common concern and a commonly raised issue about video games is the
effect of violence on the players. Overprotective parents complain
about their children being exposed to blood and gore; fighting and
feuds; bloodshed and violence. They either whine that their children
will be influenced negatively and ignorantly copy the violence in
everyday life, or, they whine that it is traumatizing and affecting
their children mentally.
It’s really not my concern about how
parents control what games their children play, and it’s not my concern
as to what your views are on the issue of video game violence. It is,
however, my concern that the Zelda franchise seems to have
steered clear of anything beyond minuscule amounts of violence. And I
do mean minuscule. Frankly, it’s time for Zelda to get with the times and happenings in video game violence.
I’m not saying that future Zelda titles need to become over exuberant with tasteless graphics of intense bloodshed, fighting and killing, but Zelda definitely needs to move up from where Twilight Princess
has left the console series. Overall, Nintendo isn’t a company known
for making extremely violent games. Actually, they’re not really known
for making much that isn’t ‘fun for the whole family’. Zelda is no exception.
olden conventions used to simulate violence are outdated. They suited
those times, but they can’t be expected to fit in today. Flashing red
when wounded just doesn’t suit anymore. Small recoils for vicious blows
don’t either. Neither can defeated foes just ‘exploding’ into thin air.
Why can’t they leave a carcass, so that the player can feel some
satisfaction in the evil they’ve defeated? These olden formats have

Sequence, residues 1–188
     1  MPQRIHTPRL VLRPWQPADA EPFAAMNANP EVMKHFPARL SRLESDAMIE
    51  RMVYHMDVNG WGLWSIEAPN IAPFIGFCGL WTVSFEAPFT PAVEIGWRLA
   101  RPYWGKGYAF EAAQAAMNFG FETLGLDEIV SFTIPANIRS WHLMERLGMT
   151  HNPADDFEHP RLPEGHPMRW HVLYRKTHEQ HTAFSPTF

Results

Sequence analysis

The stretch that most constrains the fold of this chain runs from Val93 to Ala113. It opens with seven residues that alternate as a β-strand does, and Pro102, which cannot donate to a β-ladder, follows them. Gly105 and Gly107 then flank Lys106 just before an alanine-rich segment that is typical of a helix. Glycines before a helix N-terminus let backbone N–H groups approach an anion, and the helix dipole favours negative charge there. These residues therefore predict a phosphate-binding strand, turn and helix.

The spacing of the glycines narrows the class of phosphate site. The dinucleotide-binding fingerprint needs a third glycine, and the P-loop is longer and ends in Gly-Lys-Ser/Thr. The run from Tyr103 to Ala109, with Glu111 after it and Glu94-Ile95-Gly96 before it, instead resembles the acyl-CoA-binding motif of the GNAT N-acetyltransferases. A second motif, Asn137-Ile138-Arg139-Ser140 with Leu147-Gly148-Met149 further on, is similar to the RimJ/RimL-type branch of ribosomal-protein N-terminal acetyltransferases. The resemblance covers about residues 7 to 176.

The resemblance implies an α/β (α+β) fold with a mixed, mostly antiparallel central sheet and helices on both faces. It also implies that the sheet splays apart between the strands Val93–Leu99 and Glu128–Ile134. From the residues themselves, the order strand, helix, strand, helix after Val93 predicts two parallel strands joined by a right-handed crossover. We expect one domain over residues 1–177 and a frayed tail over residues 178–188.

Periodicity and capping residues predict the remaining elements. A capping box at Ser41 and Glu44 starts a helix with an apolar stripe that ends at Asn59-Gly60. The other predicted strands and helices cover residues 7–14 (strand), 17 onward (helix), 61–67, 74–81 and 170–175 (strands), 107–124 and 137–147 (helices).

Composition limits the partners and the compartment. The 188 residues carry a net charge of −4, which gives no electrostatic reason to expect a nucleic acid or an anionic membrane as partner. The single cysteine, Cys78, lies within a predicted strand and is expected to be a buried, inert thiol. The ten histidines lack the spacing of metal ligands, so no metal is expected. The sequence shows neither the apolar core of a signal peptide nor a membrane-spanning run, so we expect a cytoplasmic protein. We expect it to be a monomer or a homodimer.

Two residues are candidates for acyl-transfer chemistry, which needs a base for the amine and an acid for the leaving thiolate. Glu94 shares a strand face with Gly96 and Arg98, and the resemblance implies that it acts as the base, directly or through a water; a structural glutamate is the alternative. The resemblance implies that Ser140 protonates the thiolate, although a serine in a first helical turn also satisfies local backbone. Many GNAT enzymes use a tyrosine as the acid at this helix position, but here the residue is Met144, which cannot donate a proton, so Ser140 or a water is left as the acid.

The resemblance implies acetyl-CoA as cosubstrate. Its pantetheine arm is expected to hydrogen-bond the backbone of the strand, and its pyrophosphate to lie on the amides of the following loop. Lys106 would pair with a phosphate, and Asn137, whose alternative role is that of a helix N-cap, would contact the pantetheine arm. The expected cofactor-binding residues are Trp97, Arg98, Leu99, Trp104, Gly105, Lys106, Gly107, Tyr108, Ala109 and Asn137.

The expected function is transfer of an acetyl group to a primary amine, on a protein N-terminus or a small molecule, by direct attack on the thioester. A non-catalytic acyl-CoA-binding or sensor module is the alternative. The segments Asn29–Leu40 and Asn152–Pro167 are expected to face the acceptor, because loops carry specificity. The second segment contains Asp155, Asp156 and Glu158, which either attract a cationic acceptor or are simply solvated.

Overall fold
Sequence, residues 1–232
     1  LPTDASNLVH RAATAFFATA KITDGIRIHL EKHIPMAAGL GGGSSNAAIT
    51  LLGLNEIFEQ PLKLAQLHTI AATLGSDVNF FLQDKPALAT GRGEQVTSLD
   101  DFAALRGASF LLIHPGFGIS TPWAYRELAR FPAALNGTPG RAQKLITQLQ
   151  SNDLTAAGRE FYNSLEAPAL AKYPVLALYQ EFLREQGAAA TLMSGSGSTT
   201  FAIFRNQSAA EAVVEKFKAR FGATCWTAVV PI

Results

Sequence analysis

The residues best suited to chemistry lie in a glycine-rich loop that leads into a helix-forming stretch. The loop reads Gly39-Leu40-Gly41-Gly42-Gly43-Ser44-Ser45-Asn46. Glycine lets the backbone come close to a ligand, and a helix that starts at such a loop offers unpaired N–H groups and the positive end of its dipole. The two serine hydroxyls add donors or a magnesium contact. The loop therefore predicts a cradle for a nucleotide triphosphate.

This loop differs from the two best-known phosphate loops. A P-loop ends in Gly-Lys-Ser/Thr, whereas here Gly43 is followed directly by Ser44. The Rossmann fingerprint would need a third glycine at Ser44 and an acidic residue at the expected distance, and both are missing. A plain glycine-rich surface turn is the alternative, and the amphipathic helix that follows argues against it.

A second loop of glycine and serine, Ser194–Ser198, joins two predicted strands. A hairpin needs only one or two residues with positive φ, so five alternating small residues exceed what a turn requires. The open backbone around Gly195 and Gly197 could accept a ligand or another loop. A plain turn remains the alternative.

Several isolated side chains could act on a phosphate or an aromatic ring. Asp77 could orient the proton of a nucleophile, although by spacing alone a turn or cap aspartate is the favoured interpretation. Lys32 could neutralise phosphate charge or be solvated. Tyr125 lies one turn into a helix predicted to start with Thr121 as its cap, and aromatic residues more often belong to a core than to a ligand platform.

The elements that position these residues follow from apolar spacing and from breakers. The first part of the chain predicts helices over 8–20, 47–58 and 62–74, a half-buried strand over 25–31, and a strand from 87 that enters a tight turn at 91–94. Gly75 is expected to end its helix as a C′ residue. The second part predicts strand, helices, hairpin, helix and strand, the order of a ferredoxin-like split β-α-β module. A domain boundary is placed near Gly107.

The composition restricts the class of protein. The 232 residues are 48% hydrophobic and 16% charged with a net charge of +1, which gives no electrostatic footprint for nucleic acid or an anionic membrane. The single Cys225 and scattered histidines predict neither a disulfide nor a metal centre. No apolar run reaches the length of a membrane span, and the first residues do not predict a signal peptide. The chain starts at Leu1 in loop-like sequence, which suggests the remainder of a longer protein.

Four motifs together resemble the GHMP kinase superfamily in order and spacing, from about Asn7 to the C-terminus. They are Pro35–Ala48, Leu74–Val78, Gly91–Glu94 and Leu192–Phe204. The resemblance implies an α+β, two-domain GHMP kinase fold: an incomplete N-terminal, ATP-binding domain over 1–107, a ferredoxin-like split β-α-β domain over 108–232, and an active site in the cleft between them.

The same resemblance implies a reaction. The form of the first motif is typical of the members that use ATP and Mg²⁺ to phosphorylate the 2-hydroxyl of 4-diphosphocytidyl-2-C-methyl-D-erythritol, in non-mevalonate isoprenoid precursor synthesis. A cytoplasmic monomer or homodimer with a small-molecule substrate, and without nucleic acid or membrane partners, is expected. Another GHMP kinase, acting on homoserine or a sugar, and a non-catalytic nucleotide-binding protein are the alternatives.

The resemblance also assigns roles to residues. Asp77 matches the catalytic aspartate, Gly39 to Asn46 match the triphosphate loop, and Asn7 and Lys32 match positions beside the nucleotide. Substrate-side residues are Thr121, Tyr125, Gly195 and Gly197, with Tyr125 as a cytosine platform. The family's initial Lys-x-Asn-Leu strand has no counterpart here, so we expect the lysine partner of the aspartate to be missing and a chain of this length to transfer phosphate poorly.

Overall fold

carried through the series, and though more violent, Twilight Princess still isn’t up with the times.
First off, Twilight Princess
has the highest rating of any game in the series, and in ways, does
have more ‘violent action’, but by no means, more ‘violence’. What do I
mean by that? The sword techniques of Twilight Princess are
different to any before, with strong chests stabs, the Ending Blow
taught by the Hero’s Spirit, and Wolf Link’s tearing into the chests’
of poes. There’s more violent action, but the outcomes are nevertheless
the same as its predecessors.
twice in the game. Once by the sages and once by Link, but we don’t see
either of them. We can tell that none of them even draw blood, so why
do they need to be hidden from us? Why have the rating if you’re going
to hide them? Earlier in the game, Ilia complains about Link wounding
Epona’s leg while going over jumps. You know, that leg she points at
looks perfectly fine to me. Come one, they could’ve at least programmed
in a little bit of a wound. A little hairless red patch. Is that so
much to ask for? I don’t know if that’s avoiding violence, or just pure
Really, the only time we’ve seen any blood is in
Ocarina of Time’s Shadow Temple and Well. But yet again, I’m probably
wrong. That might just be some red paint all over the floor of rooms
with stocks and guillotines. There’s no need for Zelda to
become infested with violence and gory deaths, but there is a lot more
Nintendo could, and should, be doing. There’s not far to go, but Zelda
really does need to take a step up in violence. It may have been
unacceptable to have a wounded horse’s leg in a game back in the
1980’s, but this is 2009. Let’s hope that Zelda Wii doesn’t disappoint.